Top Niles stories of 2011Published 4:24pm Tuesday, December 27, 2011
The Super Committee’s struggle to lower the national debt, the Occupy Wall Street protests and the Penn State scandal stole national headlines this year.
Niles had its own version of those stories with U.S. representative Fred Upton serving on the Super Committee, Occupy Niles rallies gaining national attention and the “Niles 5″ sex crimes shocking the community.
Here are the top Niles stories of 2011:
Teen ‘sextortion’ scandal
Five Niles teenagers were arrested in May on criminal sexual conduct charges — four of them at Niles High School. What followed was the unfolding of a sex video extortion scandal that shocked their classmates and the community.
Leon Murphy, Martise Washington, Parnell Martin, Martell Miller and Trey Nichols were accused of filming a 17-year-old girl having sex with Washington and then threatening to post the video on Facebook if she didn’t perform sex acts on them.
Washington was found guilty during his November trial on all seven charges against him and was sentenced to 20 years in prison. The four other defendants took plea deals. Murphy was handed a seven- to 15-year sentence, while the others are still awaiting their sentencing.
This case came shortly after an ex-Niles cop was charged with sexually assaulting a 19-year-old male inmate at the Niles Law Enforcement Complex in March.
Ivery Cross, now 26, pleaded guilty and was sentenced to five years in prison. In December, he filed paperwork to withdraw his guilty plea and go to trial. A hearing is slated for Jan. 19.
Another case that garnered some attention involved Matthew Purchase, the former owner of Legacy Family Funeral Services in Berrien Springs. He was sentenced to five to 20 years on attempted racketeering, criminal enterprising and attempted embezzlement charges. Purchase was alleged to have embezzled more than $268,000 from customers who pre-planned services.
New Tech opens, Eastside rises from ashes
Superintendent Richard Weigel took some heat when he allowed Eastside Elementary School to close last year.
But the closure was short-lived when Niles Community Schools re-opened the building this school year as a magnet school. Faculty, staff and community volunteers helped refurbish the building that was built in 1939. The project was backed by donations from local businesses.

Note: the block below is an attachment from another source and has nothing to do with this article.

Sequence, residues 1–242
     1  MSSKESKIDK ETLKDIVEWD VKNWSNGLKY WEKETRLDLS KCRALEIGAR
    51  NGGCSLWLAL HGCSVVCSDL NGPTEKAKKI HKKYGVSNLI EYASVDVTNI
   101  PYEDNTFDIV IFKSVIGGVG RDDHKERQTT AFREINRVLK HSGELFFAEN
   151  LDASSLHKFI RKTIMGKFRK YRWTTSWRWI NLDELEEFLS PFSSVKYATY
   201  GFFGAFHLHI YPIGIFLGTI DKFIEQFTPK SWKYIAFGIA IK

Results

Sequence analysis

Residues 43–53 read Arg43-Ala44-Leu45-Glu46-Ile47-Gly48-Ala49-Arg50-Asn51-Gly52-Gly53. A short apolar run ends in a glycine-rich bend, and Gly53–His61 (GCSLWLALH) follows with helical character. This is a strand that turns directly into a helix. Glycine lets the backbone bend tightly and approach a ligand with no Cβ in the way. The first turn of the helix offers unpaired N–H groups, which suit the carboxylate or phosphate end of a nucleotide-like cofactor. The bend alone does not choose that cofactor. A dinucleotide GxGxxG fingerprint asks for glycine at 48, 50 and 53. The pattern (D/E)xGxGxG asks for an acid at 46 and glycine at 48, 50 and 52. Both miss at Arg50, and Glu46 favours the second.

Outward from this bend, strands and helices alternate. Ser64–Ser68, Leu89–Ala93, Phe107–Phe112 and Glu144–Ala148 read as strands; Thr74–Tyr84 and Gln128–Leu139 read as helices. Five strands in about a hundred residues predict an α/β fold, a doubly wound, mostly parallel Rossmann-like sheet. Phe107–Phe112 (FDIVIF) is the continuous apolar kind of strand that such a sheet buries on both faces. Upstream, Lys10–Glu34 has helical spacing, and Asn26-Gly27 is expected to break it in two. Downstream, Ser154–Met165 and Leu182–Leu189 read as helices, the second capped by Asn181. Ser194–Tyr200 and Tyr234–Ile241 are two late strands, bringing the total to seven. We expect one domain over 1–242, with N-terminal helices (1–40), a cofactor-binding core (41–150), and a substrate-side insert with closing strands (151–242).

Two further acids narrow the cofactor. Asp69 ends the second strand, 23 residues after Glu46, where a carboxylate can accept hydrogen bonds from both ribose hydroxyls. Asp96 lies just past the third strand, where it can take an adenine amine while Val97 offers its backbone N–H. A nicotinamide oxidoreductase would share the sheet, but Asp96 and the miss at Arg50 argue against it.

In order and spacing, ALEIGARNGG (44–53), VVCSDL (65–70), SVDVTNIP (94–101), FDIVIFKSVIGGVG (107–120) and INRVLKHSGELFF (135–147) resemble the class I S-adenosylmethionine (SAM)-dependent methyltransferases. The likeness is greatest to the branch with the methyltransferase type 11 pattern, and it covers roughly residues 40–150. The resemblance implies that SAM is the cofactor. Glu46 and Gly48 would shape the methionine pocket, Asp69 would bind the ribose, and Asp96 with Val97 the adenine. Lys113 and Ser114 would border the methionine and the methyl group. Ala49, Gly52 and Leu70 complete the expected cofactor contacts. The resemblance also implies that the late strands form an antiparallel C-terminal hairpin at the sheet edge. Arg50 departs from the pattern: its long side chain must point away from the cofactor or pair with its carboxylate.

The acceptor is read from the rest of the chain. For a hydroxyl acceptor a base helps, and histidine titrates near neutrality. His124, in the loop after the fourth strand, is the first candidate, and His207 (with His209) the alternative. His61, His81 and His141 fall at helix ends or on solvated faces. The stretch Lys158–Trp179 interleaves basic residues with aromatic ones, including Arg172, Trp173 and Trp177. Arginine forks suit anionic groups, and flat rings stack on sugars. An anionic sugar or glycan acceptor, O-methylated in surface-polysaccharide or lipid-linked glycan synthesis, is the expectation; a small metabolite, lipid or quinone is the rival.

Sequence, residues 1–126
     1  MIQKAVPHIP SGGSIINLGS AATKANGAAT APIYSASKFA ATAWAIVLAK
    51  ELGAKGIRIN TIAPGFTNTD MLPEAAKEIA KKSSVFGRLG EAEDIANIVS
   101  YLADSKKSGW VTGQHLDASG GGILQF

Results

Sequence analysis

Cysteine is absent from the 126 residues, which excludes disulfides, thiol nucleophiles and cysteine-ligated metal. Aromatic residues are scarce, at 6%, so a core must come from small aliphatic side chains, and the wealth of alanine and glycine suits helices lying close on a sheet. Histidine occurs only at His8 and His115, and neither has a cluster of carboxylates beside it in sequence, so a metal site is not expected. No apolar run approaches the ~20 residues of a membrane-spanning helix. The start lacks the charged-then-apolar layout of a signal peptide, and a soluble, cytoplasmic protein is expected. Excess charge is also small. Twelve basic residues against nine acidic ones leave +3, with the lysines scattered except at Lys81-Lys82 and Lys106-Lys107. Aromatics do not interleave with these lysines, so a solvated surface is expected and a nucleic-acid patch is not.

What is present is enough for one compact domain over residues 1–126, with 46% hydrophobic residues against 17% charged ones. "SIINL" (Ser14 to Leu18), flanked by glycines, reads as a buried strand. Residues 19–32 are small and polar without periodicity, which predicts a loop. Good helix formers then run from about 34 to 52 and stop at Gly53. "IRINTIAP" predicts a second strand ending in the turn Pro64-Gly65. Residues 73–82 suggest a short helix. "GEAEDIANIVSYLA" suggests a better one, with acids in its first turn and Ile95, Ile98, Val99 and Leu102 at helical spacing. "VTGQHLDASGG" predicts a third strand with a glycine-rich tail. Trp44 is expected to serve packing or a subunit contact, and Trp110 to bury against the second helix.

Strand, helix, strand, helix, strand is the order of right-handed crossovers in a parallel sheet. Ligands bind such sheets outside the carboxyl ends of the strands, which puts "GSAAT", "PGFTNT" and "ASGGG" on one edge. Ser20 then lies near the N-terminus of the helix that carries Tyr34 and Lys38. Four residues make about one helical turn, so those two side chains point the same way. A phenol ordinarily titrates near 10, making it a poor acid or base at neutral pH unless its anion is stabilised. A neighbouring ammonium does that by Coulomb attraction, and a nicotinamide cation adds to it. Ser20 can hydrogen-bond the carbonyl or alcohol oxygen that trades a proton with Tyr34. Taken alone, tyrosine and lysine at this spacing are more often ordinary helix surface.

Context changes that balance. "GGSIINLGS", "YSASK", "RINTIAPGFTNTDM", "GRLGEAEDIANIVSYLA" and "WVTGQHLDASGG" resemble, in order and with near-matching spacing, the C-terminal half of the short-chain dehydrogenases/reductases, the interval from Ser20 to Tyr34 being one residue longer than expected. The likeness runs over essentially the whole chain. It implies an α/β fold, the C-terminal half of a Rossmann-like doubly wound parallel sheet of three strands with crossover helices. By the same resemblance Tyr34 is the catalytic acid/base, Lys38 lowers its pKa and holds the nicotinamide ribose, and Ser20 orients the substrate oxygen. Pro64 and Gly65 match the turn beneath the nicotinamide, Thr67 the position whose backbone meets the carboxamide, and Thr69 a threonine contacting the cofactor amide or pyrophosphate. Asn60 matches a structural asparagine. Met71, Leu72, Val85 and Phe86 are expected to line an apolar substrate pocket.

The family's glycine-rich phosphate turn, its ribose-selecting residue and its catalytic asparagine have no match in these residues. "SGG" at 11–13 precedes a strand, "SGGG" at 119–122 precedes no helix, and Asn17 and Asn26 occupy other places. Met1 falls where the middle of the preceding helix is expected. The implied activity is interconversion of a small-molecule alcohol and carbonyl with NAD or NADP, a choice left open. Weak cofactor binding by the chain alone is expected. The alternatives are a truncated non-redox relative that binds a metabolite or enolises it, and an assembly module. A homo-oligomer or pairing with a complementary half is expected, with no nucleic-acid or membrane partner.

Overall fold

The district also launched the New Tech Entrepreneurial Academy this year and its project-based learning style. Weigel said the new approach to learning is a “new model for the 21st Century.”
Despite the advancements, the district continued to battle budget woes. The school board is continuing its contract negotiations with the teachers’ union. The board is proposing an 8 percent cut in base salary across the board to help cut costs.
Jim vs. Jim continues at township
In local government, the division in the Niles Township board continued to grow in 2011. Recall attempts, anonymous letters, alleged secret meetings, accusations of wrongdoing and shouting matches at board meetings fueled the fire between Township Supervisor Jim Kidwell and Treasurer Jim Ringler.
The City of Niles said goodbye to City Administrator Terry Eull after 13 years in that role and hired former Police Chief Ric Huff to replace him. Eull will be remembered for his role in the construction of a new fire station and law enforcement complex, improvements to Riverfront Park, a downtown streetscape project and the removal of brow siding from the facades of historic downtown buildings.
Public Works Director Neil Coulston also retired and was replaced by assistant Joe Ray. David Mann, 20, became the youngest city council member when he was elected in November. Niles Mayor Mike McCauslin was elected to an unprecedented fourth four-year term.
The city managed to balanced its budget despite the need to cut $450,000 from its budget due to a decrease in state revenue sharing. The reductions were met by not replacing exiting police officers and firefighters. The city is also saving money by not hiring a police captain after Jim Millin took Huff’s place as police chief.
The city also continues to debate what should be done with the Pucker Street Dam. Niles has received a few offers from companies interested in restoring power to the facility, but a group known as the Dowagiac Riverkeepers is pushing for the dam’s removal.
In Bertrand Township, Supervisor John Mefford and trustee Dick Haigh, both long-time board members, were recalled from office in May.
Niles Main Street got a bit of a makeover in 2011, at least in its promotional materials. Niles was one of four Michigan communities selected by Michigan Main Street to participate in the pilot downtown branding service.
Niles Main Street received a new website, marketing materials and a fresh downtown logo as part of the program.
This came after Niles was named the “Best Main Street in Michigan” by the travel website officialbestof.com, earning the downtown a feature spot on Discovery Channel.
The city was also showcased on Food Network, when the 2011 Hunter Ice Festival was featured on the program “Ice Brigade.”
Downtown Niles also came alive in the summer with the addition of several car shows.
The Occupy Wall Street movement gained steam in cities across the country, including Niles, which drew more than 100 protestors at its first rally in October.
That rally gained national attention when filmmaker Michael Moore gave it a shout-out on the MSNBC program “The Last Word with Lawrence O’Donnell” and the national news program “Democracy Now!”
Occupy Southwest Michigan, organized by Niles resident Matthew Rosenhagen, has held seven rallies throughout the area.